(p) Stuart Immonen
(i) Wade Von Grawbadger, Craig Yeung
The first four issues of All-New X-Men were fun, but lacked a sense of real plot advancement due to most of the narrative focusing on the original five X-Men getting acclimated to the present day. All-New X-Men #5 raises the stakes in a number of different ways, some of which are more successful than others.
First off, we discover that Brian Michael Bendis has trouble writing Wolverine outside of the Avengers. When he's out and about with Earth's Mightiest, Logan is nearly always depicted as the most hard-edged and angry of the group. Unfortunately for Bendis, Wolverine has a soft side and it comes out when he's around two things: kids and Jean Grey. Bendis' characterization turns Logan into a giant asshole in the course of two pages, all in front of Jean and the students at his school. There's really no excuse for how Wolverine acted in this sequence: it was totally out of character.
The next two big revelations from this issue are pretty big ones. Not only will these events have lasting ramifications for the X-Men and mutantkind as a whole, but also for the Marvel universe at-large.
Present-day Hank McCoy and Jean Grey spend most of the issue in a psychic discussion held inside Hank's brain. In Beast's brain, he gets to decide how everyone looks, and it's very nostalgic seeing Jean in her Marvel Girl get-up and Beast before he became more feral. Both Hanks agree that tackling present-Beast's dying problem physically and psychically was the best course of action, so a lot of this issue's events revolve around stopping Hank's death in the 11th hour. That being said, everything's about Jean the moment she psychically experiences her long, tragic adult life through Hank's memories. In the span of a moment, Jean sees her life play out -- all the pain, misery, destruction, death, and hopelessness -- and feeling every second of it all at once.
Hank's third (I think?) mutation gives everyone's favorite blue beast a more human appearance once again, trading feline characteristics -- such as cat-like ears, snout, and hair -- for more anthropomorphic features like elf-like ears, a small nose, and shorter hair that's a more muted blue that before. While not strictly necessary in terms of the overall narrative of the series, Hank's recovery piles on top of Jean's mental anguish as cause to send the original five X-Men back home; present-day Beast is alive and better than ever, the original five have seen their future, and present-day Cyclops carries the burden of seeing himself before he became a worldwide pariah.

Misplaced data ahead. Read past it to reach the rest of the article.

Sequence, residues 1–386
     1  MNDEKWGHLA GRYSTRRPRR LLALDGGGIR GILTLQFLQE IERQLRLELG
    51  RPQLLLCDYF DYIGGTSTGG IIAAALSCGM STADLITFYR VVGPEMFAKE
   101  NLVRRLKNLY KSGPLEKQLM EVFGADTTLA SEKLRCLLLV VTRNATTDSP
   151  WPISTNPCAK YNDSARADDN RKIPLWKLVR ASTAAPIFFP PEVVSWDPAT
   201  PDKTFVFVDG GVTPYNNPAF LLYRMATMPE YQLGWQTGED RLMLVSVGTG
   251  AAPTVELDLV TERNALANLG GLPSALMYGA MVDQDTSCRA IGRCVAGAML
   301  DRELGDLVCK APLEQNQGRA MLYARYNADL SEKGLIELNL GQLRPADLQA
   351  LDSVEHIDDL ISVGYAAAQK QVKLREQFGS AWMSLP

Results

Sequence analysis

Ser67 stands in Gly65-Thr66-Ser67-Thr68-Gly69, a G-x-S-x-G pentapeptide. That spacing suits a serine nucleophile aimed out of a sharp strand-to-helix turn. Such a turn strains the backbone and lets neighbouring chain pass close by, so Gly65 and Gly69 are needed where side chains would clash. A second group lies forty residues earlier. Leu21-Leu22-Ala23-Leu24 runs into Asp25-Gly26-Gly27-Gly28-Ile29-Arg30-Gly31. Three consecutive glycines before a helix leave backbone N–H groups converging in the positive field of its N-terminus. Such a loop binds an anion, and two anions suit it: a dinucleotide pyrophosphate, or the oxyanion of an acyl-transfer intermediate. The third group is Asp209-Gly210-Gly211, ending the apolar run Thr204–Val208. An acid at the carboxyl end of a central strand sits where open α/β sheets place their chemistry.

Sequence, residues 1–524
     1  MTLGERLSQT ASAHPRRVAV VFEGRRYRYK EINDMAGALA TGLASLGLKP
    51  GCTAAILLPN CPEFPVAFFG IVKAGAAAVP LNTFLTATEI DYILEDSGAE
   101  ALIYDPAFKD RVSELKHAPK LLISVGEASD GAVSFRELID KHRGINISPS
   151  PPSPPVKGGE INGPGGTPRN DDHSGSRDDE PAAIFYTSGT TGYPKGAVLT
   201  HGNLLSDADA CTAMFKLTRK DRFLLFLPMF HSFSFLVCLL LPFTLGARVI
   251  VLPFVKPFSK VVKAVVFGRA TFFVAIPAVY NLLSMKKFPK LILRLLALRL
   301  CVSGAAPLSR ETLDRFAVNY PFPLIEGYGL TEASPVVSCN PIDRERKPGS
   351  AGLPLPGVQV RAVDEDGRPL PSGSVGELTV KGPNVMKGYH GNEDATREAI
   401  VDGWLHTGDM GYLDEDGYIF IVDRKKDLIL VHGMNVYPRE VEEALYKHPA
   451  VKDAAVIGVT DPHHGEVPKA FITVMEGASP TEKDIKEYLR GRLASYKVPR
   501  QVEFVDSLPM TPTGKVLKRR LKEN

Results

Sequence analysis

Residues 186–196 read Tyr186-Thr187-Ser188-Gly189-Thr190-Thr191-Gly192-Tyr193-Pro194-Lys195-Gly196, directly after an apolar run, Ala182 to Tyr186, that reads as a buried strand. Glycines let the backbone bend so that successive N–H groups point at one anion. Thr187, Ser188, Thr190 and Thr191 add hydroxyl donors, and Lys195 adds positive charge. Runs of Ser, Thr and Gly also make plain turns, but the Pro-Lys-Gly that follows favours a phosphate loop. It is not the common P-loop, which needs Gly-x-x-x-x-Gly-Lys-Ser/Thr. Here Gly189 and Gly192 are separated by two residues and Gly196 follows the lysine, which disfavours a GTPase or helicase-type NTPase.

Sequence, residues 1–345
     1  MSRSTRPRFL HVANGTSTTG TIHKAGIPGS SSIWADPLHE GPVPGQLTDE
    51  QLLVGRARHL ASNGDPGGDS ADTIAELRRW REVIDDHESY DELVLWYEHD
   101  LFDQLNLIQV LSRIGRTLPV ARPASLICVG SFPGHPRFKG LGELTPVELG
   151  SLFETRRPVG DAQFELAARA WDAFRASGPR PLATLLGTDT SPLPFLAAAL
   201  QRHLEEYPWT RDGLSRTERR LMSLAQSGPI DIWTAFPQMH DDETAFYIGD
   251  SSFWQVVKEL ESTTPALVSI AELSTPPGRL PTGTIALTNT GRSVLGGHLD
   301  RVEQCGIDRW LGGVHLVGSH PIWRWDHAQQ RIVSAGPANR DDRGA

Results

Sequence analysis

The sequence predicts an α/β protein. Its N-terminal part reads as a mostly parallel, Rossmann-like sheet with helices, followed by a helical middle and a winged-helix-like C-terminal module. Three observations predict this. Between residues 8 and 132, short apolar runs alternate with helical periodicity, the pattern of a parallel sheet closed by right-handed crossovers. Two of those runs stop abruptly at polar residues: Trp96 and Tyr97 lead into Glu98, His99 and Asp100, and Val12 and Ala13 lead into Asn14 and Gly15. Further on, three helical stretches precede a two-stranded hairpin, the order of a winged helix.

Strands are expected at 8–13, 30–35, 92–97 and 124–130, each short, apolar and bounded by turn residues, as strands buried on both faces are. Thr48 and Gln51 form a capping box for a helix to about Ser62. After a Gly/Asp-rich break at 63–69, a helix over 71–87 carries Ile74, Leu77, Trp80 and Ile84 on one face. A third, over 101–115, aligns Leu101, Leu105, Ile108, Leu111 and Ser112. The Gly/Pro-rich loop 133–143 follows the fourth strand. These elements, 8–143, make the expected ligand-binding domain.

Of course, things rarely go as planned in comic books, and Jean decides that she wants to stay in the present day until the world resembles Charles Xavier's dream once and for all. This is how All-New X-Men stays interesting; by making these time-displaced characters more than just a novel plot device and giving them real emotional depth outside their perceived behavior.
Bendis and Stuart Immonen have a very good thing going here and it's just poised to get better. Kitty Pride decides to be the team's supervisior, Wolverine seemingly doesn't want anything to do with the younger X-Men, Angel has yet to learn what's become of his adult self, the Beasts and the Icemen start going through the motions of existing side by side with one another, all while Jean Grey has to come to terms with all the pain and suffering associated with her older self. All-New X-Men #5 concludes this opening arc extremely well while also moving pieces around on the board in preparation for the future of the series.